Govt will not reveal cost of keeping Archives director on administrative leave
Bermuda Archives director Karla Hayward is still on the public payroll after more than five months on administrative leave.
But Government Estates Minister Michael Scott and his permanent secretary Robert Horton are refusing to say whether she remains on full pay or if she will return to her job at the official repository of government records.
Ms Hayward told
The Royal Gazette yesterday: “I’m still at the Archives and still on leave at the moment. I’d be delighted to talk to you once this is all settled. All I can say right now is that I would refer you to the Ministry.”
She would not reveal if she was still getting her full salary, which is believed to be in the region of $120,000 a year.
The Ministry of Government Estates and Information Services stonewalled questions about the director’s position this week.
This newspaper asked for an update on Monday but was told by a Ministry spokesman: “It is standard protocol for the Civil Service not to comment on the employment status of employees, so I am not sure how much can be said at this point until the status of Ms Hayward has been resolved.”
We then asked if Ms Hayward, a civil servant for more than 35 years, was still receiving a salary from the public purse and, if so, whether the Ministry wished to advise taxpayers what she was doing to earn the salary.
Permanent secretary (PS) Robert Horton responded: “The Government of Bermuda does not comment upon internal administrative matters pertaining to employees.”
We asked Mr Horton to confirm the director’s salary or Civil Service pay grade but got no answer.
Questions to the Minister about why Government wouldn’t discuss how taxpayer funds were being spent, who was doing Ms Hayward’s job while she was absent, how much they were being paid and whether this was putting a strain on the Ministry’s budget, were ignored.
The Archives is allocated $1.6 million in the Government’s Budget for 2012/13, with almost $1 million going on salaries for its 12 employees.
The amount budgeted for salaries is $188,000 or 23 percent more than in 2011/12, though the number of employees is expected to be the same.
Yesterday, the Ministry was offered the opportunity again to shed light on the situation at the Archives.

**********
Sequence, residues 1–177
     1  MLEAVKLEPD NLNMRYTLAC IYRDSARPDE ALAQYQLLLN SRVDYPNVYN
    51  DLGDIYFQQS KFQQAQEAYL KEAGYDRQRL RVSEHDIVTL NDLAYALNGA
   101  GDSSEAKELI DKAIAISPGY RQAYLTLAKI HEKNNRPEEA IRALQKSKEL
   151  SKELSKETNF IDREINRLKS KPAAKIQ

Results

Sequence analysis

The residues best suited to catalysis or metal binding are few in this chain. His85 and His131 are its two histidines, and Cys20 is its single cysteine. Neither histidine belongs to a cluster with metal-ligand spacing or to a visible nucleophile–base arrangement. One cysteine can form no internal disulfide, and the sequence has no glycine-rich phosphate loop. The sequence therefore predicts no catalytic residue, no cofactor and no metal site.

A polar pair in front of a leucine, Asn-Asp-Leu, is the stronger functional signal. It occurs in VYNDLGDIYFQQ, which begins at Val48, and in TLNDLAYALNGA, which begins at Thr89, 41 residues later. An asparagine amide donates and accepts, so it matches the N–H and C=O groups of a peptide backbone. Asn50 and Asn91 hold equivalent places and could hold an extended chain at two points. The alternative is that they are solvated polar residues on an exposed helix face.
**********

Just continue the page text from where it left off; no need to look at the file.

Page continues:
The spokesman said: “The Ministry will not be making any comment other than the response I sent to you on Monday.”
Archives Advisory Committee chairman Chief Justice Richard Ground said he could not comment on the question of Ms Hayward’s salary.
“Personnel matters are not within the remit of the AAC, which is merely an advisory body on archives in general and ‘those aspects of the work of the Bermuda Archives which affect members of the public who make use of the facilities’. You should address your question to the relevant PS.”
A call to the Archives confirmed that Joanne Brangman, director of Bermuda National Library, is doing Ms Hayward’s job as well as her own.
Archives staff threatened to strike in September unless Ms Hayward was removed from her post, after a series of complaints about her management style. The industrial action was averted when she was placed on leave.
A source, who asked not to be named, told this newspaper that Mr Horton visited Archives staff on Friday and informed them he had yet to make a decision on Ms Hayward’s future.
The director’s tenure at the Archives has been controversial, with complaints from users leading to an inquiry by Ombudsman Arlene Brock in 2008.
Ms Brock found evidence of maladministration and recommended Ms Hayward be moved to a less front line role. Ms Hayward has always and emphatically denied any allegations of wrongdoing.
Bermuda Public Services Union general secretary Edward Ball could not be reached for comment yesterday.
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